BMJ-British Medical Journal. (2008, May 14). Children More Likely To Use Fruit Tuck Shops When Schools Ban Unhealthy Snacks. ScienceDaily. Retrieved July 22, 2014 from www.sciencedaily.com/releases/2008/05/080512191132.htm
BMJ-British Medical Journal. "Children More Likely To Use Fruit Tuck Shops When Schools Ban Unhealthy Snacks." ScienceDaily. www.sciencedaily.com/releases/2008/05/080512191132.htm (accessed July 22, 2014).

Share This




More Health & Medicine News

Tuesday, July 22, 2014

Featured Research

from universities, journals, and other organizations


Featured Videos

from AP, Reuters, AFP, and other news services

Gilead's $1000-a-Pill Drug Could Cure Hep C in HIV-Positive People

Gilead's $1000-a-Pill Drug Could Cure Hep C in HIV-Positive People

TheStreet (July 21, 2014) New research shows Gilead Science's drug Sovaldi helps in curing hepatitis C in those who suffer from HIV. In a medical study, the combination of Gilead's Hep C drug with anti-viral drug Ribavirin cured 76% of HIV-positive patients suffering from the most common hepatitis C strain. Hepatitis C and related complications have been a top cause of death in HIV-positive patients. Typical medication used to treat the disease, including interferon proteins, tended to react badly with HIV drugs. However, Sovaldi's %1,000-a-pill price tag could limit the number of patients able to access the treatment. TheStreet's Keris Lahiff reports from New York. Video provided by TheStreet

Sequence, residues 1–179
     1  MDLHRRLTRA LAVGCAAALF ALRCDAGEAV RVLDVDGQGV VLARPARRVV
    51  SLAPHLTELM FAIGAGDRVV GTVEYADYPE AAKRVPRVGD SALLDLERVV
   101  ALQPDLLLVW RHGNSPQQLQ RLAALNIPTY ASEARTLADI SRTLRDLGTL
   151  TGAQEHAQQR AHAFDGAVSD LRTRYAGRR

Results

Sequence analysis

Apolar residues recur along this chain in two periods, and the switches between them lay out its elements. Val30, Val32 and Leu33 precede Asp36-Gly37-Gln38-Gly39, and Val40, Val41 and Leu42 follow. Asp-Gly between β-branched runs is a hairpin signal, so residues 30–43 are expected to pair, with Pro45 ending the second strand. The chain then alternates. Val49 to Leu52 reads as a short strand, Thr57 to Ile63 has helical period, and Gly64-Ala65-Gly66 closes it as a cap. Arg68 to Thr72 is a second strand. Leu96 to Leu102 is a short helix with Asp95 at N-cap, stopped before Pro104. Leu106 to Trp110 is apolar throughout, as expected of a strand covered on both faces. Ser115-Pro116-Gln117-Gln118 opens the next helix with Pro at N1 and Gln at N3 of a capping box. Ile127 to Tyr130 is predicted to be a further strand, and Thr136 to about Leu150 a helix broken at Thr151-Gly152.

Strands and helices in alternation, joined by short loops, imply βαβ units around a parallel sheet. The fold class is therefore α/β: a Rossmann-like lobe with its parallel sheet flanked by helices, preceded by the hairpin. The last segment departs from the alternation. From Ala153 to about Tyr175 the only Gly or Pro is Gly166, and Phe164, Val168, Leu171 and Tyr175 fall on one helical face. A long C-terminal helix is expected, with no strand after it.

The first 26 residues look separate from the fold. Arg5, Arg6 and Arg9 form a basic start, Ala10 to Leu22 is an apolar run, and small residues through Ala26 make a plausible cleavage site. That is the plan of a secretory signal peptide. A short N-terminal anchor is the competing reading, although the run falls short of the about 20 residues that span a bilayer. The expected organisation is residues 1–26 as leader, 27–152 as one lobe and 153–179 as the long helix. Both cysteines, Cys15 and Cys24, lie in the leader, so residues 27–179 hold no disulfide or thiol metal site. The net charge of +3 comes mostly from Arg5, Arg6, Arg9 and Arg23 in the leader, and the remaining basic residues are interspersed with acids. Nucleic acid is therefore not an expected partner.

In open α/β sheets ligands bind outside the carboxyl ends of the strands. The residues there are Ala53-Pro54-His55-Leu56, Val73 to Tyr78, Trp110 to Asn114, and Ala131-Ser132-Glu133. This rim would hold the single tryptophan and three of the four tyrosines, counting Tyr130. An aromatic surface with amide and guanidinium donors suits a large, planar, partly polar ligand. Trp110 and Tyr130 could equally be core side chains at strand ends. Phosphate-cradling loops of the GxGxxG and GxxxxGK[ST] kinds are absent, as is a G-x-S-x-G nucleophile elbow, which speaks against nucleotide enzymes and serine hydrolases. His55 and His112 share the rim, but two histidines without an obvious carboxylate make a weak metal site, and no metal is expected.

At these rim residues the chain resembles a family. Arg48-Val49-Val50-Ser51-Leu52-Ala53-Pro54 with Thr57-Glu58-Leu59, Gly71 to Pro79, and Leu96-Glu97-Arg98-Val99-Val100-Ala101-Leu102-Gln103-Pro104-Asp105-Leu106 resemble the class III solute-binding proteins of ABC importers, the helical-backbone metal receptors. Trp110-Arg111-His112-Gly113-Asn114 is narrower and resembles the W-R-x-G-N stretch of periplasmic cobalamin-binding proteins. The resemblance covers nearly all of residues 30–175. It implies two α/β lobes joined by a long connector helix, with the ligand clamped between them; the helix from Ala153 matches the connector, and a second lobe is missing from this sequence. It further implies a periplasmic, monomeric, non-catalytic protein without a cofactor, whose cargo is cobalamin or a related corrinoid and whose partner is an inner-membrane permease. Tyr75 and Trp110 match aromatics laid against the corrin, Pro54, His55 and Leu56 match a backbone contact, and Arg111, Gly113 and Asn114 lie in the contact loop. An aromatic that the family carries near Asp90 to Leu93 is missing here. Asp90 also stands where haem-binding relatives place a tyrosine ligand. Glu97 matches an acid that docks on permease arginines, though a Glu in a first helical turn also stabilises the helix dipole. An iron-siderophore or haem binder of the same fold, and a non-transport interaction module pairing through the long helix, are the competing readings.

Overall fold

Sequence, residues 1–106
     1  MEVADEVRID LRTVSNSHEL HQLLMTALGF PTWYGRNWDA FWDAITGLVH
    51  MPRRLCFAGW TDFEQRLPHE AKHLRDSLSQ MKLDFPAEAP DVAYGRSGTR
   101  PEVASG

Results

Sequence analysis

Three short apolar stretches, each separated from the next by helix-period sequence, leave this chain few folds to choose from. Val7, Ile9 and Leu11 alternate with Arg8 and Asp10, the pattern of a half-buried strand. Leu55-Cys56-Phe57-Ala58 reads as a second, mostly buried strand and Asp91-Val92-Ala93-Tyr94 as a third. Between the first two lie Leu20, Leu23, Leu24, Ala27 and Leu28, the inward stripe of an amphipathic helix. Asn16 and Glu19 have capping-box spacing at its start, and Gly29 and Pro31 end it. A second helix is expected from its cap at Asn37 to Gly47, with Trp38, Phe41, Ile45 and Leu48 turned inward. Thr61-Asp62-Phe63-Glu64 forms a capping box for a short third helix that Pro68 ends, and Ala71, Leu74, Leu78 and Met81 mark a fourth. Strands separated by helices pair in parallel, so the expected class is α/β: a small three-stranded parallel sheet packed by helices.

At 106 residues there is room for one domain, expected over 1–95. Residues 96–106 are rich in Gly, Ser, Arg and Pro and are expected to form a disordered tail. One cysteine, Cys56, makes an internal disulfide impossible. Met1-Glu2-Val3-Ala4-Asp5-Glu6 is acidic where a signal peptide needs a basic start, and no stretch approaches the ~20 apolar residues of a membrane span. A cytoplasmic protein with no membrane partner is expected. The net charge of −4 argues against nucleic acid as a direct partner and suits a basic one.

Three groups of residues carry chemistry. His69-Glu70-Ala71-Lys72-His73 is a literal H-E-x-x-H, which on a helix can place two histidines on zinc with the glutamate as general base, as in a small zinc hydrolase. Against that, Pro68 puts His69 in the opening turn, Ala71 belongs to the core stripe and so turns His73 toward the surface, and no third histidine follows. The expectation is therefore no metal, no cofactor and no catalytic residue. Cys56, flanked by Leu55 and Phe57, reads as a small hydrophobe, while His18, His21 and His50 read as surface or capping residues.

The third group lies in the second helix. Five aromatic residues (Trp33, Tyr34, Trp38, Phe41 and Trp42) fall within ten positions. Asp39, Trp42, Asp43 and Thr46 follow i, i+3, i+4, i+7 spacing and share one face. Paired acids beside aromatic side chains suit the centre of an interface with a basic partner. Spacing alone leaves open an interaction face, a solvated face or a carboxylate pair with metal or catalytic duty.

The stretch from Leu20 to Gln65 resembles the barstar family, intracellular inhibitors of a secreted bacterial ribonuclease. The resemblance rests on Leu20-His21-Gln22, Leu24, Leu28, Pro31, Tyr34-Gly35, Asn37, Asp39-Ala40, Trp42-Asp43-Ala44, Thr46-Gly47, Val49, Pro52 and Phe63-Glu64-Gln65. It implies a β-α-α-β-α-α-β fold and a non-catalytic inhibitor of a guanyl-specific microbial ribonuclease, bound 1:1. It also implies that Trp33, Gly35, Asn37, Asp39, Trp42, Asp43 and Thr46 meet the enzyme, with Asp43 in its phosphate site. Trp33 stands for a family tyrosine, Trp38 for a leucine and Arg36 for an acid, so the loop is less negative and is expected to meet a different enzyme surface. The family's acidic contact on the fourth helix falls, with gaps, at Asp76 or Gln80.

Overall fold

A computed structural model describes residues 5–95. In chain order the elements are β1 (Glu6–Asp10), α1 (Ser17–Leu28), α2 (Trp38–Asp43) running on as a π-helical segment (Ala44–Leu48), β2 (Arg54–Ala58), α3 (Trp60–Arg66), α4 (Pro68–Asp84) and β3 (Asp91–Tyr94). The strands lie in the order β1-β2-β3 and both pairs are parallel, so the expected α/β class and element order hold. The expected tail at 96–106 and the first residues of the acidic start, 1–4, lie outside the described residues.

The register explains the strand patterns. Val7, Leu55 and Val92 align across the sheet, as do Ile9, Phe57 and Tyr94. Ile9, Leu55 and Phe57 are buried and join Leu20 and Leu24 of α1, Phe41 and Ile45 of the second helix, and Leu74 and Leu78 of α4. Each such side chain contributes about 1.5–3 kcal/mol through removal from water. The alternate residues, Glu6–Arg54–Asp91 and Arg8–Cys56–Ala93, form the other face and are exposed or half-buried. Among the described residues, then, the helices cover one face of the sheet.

Powered by NewsLook.com
$23.6 Billion Awarded To Widow In Smoking Lawsuit

$23.6 Billion Awarded To Widow In Smoking Lawsuit

Newsy (July 20, 2014) Cynthia Robinson claims R.J. Reynolds Tobacco Company hid the health and addiction risks of its products, leading to the death of her husband in 1996. Video provided by Newsy
Powered by NewsLook.com
Tooth Plaque Provides Insight Into Diets Of Ancient People

Tooth Plaque Provides Insight Into Diets Of Ancient People

Newsy (July 19, 2014) Research on plaque from ancient teeth shows that our prehistoric ancestor's had a detailed understanding of plants long before developing agriculture. Video provided by Newsy
Powered by NewsLook.com
Contaminated Water Kills 3 Babies in South African Town

Contaminated Water Kills 3 Babies in South African Town

AFP (July 18, 2014) Contaminated water in South Africa's northwestern town of Bloemhof kills three babies and hospitalises over 500 people. The incident highlights growing fears over water safety in South Africa. Duration: 02:22 Video provided by AFP
Powered by NewsLook.com

Search ScienceDaily

Number of stories in archives: 140,361

Find with keyword(s):
Enter a keyword or phrase to search ScienceDaily for related topics and research stories.

Save/Print:
Share:

Breaking News:
from the past week

In Other News

... from NewsDaily.com

Science News

Health News

Environment News

Technology News



Save/Print:
Share:

Free Subscriptions


Get the latest science news with ScienceDaily's free email newsletters, updated daily and weekly. Or view hourly updated newsfeeds in your RSS reader:

Get Social & Mobile


Keep up to date with the latest news from ScienceDaily via social networks and mobile apps:

Have Feedback?


Tell us what you think of ScienceDaily -- we welcome both positive and negative comments. Have any problems using the site? Questions?
Mobile: iPhone Android Web
Follow: Facebook Twitter Google+
Subscribe: RSS Feeds Email Newsletters
Latest Headlines Health & Medicine Mind & Brain Space & Time Matter & Energy Computers & Math Plants & Animals Earth & Climate Fossils & Ruins